Between Kalinda's and Alicia's love lives, "The Good Wife's" sexual politics are a mess
“The Good Wife” is three episodes into its fourth season, and it is simultaneously smoothly humming along and sputtering out. It remains, as it ever was, the cleverest, smartest, most tech-savvy procedural on television, its every case of the week so much less predictable and more hard-elbowed than those of its kin. (The title of last night’s episode was “Two Girls, One Code,” a savvy, gross reference “The Mentalist” isn’t about to make.) The inter-office dynamics and political plotting— the long-term story arcs that make “Good Wife” so much meatier than a standard procedural — have also been top-notch. A super low-key Nathan Lane (he hasn’t been asked to act so much in years) has been stellar as a court-appointed guardian to Lockhart Gardner; Maura Tierney has been intriguing as self-made billionaire keen on Alicia; and Christine Baranski, Alan Cumming and Josh Charles have been excellent as ever. But, damn, if “The Good Wife’s” sexual politics aren’t a mess.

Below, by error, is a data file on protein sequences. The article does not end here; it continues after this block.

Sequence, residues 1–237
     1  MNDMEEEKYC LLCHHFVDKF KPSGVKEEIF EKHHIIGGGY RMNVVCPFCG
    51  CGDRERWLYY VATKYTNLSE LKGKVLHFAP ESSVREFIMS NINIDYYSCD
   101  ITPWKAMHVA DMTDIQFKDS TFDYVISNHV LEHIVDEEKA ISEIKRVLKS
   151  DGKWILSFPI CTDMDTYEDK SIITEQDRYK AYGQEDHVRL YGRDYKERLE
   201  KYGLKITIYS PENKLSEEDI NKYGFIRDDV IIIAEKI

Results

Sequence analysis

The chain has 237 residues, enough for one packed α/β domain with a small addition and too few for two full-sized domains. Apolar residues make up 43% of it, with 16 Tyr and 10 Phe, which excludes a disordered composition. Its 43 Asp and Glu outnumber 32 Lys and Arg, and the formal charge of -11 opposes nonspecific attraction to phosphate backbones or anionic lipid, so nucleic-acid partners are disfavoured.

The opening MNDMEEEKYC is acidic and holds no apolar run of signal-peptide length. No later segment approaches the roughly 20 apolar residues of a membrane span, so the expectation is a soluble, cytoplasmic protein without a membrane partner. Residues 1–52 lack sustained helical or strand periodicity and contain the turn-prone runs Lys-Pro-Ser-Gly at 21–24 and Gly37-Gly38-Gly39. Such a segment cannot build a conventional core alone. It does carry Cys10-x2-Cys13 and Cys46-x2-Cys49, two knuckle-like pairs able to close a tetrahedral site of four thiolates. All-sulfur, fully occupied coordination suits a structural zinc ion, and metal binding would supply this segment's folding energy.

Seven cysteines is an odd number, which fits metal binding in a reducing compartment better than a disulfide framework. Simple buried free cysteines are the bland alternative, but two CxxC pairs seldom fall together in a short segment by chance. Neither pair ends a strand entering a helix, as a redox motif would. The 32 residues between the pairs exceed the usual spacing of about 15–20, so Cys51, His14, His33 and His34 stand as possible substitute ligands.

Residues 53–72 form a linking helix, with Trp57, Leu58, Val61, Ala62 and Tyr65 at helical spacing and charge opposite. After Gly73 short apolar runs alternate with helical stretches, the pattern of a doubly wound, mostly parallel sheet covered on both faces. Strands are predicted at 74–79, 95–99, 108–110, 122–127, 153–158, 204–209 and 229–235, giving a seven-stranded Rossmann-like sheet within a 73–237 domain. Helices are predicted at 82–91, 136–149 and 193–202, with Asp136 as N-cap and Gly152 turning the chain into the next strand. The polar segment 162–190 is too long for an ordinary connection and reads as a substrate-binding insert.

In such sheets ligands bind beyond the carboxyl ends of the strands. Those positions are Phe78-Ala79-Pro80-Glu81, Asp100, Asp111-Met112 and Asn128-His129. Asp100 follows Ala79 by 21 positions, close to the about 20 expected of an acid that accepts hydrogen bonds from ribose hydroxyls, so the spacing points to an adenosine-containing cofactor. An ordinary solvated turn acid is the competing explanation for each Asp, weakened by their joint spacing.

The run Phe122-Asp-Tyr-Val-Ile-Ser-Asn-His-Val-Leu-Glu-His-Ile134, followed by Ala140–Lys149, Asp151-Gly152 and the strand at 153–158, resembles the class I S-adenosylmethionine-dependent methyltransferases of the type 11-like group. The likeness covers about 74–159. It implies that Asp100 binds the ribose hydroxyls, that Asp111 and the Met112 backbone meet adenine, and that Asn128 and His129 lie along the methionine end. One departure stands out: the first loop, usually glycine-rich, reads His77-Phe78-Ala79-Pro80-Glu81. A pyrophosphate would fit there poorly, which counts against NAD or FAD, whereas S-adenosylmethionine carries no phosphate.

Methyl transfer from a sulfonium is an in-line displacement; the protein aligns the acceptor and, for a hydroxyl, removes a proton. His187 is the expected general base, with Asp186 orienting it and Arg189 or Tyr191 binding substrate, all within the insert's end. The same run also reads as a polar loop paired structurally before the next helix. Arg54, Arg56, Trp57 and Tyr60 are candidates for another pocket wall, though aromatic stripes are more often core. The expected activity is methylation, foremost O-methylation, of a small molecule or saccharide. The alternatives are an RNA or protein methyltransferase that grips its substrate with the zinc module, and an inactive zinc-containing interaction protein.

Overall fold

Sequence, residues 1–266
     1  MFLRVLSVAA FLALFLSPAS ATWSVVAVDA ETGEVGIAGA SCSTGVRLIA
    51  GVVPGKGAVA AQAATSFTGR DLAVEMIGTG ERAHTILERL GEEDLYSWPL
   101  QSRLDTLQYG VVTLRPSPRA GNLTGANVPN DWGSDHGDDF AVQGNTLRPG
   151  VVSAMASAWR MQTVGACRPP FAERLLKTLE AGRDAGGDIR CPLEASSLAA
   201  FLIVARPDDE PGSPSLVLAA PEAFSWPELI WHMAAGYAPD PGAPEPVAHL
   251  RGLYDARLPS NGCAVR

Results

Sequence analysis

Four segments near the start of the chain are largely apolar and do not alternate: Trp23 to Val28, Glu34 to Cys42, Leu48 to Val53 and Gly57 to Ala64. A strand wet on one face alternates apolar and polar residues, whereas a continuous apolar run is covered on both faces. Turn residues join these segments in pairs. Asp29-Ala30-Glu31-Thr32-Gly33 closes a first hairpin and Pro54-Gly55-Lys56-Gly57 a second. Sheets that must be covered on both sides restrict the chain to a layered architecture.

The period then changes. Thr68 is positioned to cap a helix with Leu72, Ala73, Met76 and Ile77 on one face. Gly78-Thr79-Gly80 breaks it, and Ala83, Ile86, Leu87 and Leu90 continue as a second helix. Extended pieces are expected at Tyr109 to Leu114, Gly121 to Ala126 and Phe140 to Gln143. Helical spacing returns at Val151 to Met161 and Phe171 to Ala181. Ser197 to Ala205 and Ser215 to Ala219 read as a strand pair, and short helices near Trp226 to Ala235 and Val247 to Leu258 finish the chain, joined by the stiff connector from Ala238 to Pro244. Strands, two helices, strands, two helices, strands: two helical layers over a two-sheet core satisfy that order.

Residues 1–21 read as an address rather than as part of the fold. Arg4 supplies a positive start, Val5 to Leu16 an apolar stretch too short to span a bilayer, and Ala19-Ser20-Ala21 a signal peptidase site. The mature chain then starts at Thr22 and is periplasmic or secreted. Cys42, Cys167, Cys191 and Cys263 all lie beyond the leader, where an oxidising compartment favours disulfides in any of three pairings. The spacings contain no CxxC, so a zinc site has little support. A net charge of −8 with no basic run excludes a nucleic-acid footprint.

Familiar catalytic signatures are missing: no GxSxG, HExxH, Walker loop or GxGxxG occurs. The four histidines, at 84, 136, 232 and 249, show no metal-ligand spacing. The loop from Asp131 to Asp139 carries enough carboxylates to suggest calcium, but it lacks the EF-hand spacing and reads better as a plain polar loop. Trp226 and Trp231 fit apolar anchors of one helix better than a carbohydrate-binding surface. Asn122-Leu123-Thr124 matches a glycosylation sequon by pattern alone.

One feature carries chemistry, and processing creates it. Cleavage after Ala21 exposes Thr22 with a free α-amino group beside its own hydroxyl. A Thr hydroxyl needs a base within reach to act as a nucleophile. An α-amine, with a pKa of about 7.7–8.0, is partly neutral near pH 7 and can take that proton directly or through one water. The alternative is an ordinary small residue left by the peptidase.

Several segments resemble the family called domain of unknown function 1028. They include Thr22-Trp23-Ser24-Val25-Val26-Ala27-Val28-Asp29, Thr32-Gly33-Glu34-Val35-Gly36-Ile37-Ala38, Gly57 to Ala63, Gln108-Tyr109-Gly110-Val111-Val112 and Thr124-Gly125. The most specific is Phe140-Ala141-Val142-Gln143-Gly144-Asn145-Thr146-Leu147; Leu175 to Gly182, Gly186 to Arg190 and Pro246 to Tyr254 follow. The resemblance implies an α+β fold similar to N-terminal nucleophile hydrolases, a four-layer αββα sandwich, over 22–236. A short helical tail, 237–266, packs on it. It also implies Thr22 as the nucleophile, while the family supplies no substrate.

First and foremost, there is the Kalinda problem (and yes, it has reached such a level it can be described as “The Kalinda Problem”). Kalinda Sharma (Archie Panjabi), the hypercompetent bisexual investigator, has spent the previous seasons turning up evidence and turning on nearly everyone she meets. Few of the characters on “The Good Wife” — with the exception of Cumming’s Eli Gold — are chatterboxes. They don’t overshare, speak out of turn or answer questions with more words than are strictly necessary, but even among a crew expert at keeping their lives close to their vests, Kalinda stands out. Everything about her feels like a secret, everything about her is private. We knew she had a past, but we didn’t know quite what it contained.